What happened

The shares of Baker Hughes, a GE Company (NYSE:BHGE) jumped just under 12% in February, according to data provided by S&P Global Market Intelligence. The increase was pretty even throughout the month, and added to January's advance to give the stock a year-to-date gain of roughly 26%. The solid February showing was helped along by the company's full-year 2018 earnings, which were released at the end of January.

So what

Baker Hughes has been struggling for a couple of years, but it appears to have reached a turning point in 2018. Revenue was up 5% on strength in the core oil-field services division (which makes up nearly half of the company's top line). That division saw a sales increase of 12%. The company's adjusted operating income, meanwhile, rose a stunning 62% year over year in 2018.

Check out the latest earnings call transcript for Baker Hughes.

Two men working next to an oil well

Image source: Getty Images.

With results like that, you can understand why investors were upbeat on Baker Hughes' stock in February. That sentiment was only bolstered on Feb. 7 when the company reported both a year-over-year increase in total rigs operating worldwide and a sequential monthly increase. That was a clear indication that the operating environment in which this energy services company is working remains fairly healthy.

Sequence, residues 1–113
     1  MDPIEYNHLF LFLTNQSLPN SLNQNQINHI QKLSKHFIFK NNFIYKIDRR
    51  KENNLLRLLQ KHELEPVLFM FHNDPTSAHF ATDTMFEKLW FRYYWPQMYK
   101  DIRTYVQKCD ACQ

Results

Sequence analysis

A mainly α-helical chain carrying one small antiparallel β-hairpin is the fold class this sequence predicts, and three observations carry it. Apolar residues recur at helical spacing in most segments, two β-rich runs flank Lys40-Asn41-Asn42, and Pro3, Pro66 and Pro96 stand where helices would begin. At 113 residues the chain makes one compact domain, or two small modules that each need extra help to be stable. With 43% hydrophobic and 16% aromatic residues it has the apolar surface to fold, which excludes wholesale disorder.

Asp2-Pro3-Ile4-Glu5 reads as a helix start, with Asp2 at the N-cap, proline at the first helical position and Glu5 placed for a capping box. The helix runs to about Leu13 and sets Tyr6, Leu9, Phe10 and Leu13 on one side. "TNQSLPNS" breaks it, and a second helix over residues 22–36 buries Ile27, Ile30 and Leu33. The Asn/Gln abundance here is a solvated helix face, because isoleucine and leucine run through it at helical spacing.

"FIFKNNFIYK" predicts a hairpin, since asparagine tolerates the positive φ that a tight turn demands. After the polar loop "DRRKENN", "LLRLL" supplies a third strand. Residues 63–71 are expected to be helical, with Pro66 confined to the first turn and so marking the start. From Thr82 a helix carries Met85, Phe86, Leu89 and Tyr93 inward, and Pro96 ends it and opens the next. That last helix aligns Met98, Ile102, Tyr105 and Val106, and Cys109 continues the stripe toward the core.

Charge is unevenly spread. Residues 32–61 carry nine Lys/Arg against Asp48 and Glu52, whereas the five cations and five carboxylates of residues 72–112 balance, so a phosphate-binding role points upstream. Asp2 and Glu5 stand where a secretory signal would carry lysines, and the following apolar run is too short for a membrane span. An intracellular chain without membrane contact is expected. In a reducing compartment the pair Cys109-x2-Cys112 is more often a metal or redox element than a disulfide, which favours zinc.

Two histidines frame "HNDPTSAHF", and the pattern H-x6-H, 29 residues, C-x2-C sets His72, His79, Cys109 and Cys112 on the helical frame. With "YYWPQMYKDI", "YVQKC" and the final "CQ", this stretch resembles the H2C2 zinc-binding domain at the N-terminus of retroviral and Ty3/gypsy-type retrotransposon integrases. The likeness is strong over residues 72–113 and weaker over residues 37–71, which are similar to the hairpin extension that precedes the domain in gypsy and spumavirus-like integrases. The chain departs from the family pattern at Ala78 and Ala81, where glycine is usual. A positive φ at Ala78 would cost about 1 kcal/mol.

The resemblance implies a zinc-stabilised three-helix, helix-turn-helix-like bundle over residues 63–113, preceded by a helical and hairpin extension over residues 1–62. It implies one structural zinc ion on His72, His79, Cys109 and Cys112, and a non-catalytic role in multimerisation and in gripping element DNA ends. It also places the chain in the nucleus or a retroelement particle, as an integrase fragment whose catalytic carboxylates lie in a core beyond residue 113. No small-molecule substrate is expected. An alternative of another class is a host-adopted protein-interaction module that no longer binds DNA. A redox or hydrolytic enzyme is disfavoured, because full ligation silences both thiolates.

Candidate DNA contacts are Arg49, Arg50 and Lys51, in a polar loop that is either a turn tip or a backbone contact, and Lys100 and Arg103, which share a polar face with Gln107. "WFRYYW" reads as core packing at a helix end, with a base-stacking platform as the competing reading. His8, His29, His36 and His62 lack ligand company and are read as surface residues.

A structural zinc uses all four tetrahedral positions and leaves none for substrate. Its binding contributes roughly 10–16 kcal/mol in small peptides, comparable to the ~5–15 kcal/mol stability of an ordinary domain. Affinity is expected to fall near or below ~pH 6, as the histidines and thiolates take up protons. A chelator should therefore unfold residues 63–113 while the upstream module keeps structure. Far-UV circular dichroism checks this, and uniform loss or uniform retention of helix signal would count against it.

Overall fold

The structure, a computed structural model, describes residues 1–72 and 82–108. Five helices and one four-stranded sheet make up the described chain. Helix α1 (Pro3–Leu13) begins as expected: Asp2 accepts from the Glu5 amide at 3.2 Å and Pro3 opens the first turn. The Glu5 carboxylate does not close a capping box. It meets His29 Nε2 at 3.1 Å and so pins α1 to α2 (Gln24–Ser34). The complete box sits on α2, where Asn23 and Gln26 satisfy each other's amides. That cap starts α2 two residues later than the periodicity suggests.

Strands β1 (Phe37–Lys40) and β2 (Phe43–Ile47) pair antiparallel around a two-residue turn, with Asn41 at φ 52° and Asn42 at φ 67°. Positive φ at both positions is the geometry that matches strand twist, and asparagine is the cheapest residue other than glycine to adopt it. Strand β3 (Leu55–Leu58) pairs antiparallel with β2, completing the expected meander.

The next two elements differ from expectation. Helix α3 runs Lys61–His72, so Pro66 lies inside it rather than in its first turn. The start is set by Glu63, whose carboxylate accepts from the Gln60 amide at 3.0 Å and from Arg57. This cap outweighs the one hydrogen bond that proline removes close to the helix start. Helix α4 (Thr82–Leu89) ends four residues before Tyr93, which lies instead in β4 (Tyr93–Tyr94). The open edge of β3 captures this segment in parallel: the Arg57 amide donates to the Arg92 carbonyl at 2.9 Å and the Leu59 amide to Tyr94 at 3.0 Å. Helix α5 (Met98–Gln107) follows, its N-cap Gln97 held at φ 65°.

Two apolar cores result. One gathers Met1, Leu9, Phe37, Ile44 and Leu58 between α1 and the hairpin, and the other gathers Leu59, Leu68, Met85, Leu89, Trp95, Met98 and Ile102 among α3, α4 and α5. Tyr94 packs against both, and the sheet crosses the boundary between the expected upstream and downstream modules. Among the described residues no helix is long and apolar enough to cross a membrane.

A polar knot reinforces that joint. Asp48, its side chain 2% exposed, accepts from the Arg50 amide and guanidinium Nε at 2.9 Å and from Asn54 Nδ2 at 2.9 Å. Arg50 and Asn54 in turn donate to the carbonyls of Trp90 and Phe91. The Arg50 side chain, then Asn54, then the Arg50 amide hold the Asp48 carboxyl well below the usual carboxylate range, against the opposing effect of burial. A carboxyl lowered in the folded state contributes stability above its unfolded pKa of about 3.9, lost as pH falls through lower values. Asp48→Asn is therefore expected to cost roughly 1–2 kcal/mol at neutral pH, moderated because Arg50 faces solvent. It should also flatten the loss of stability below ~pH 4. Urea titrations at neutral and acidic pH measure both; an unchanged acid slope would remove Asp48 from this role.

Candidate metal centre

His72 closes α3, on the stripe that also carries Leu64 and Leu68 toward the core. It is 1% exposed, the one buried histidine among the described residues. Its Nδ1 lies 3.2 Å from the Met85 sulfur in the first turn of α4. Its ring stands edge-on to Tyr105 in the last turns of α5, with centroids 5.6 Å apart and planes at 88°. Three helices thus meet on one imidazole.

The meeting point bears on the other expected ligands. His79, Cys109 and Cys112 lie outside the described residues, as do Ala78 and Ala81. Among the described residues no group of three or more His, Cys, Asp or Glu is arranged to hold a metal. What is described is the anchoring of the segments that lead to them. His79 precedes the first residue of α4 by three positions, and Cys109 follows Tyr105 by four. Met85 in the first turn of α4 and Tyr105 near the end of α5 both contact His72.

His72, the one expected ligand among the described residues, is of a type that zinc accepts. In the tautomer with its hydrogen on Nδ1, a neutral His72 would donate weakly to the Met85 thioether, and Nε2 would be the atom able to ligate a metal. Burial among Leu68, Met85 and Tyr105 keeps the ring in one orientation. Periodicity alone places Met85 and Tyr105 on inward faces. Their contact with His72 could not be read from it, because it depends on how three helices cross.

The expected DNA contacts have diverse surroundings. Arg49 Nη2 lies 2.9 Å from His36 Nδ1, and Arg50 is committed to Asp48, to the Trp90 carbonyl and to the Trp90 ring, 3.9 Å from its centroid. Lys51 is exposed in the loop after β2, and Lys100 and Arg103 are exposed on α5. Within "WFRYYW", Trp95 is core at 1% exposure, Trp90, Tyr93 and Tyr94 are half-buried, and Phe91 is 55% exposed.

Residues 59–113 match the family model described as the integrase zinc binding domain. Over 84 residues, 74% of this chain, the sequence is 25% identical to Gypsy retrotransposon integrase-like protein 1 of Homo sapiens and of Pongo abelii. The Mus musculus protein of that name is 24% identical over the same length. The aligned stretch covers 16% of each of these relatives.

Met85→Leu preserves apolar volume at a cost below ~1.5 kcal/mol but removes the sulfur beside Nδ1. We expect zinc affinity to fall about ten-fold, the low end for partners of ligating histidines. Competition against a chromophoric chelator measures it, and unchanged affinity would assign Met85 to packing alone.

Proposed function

But there is more to the story. General Electric Company (NYSE:GE) owned roughly 50.4% of Baker Hughes at the end of 2018. However, the troubled industrial conglomerate materially reduced its stake in the company in the final quarter of the year, trimming it from 62.5% in November. GE's decision to sell shares has been a headwind to Baker Hughes' stock because there are concerns that GE has been operating from a position of weakness.

However, recent moves by GE to raise cash have shifted the equation a little. The sale of Baker Hughes stock is part of this, but the bigger deal was the announcement that GE is offloading a portion of its healthcare business to Danaher. That $21 billion deal will greatly strengthen GE's financial position. As a result, it may not need to sell assets, such as its remaining stake in Baker Hughes, at fire-sale prices. As the risk that GE will keep selling Baker Hughes' stock "at any price" has lessened, there's an extra reason for investors to be positive.

Now what

GE and Baker Hughes are still tied at the hip. While it's nice to see Baker Hughes' business starting to improve after a long period of weakness, conservative investors might still want to be cautious. The relationship with GE, which has been desperate to find cash to pay down debt, is still a little worrying. Yes, GE's deal with Danaher should reduce the urgency to sell its stake in Baker Hughes. But GE's turnaround is a work in progress, and the overhang from its move to reduce its stake in Baker Hughes really isn't gone just yet. If you are watching Baker Hughes, make sure to also watch GE.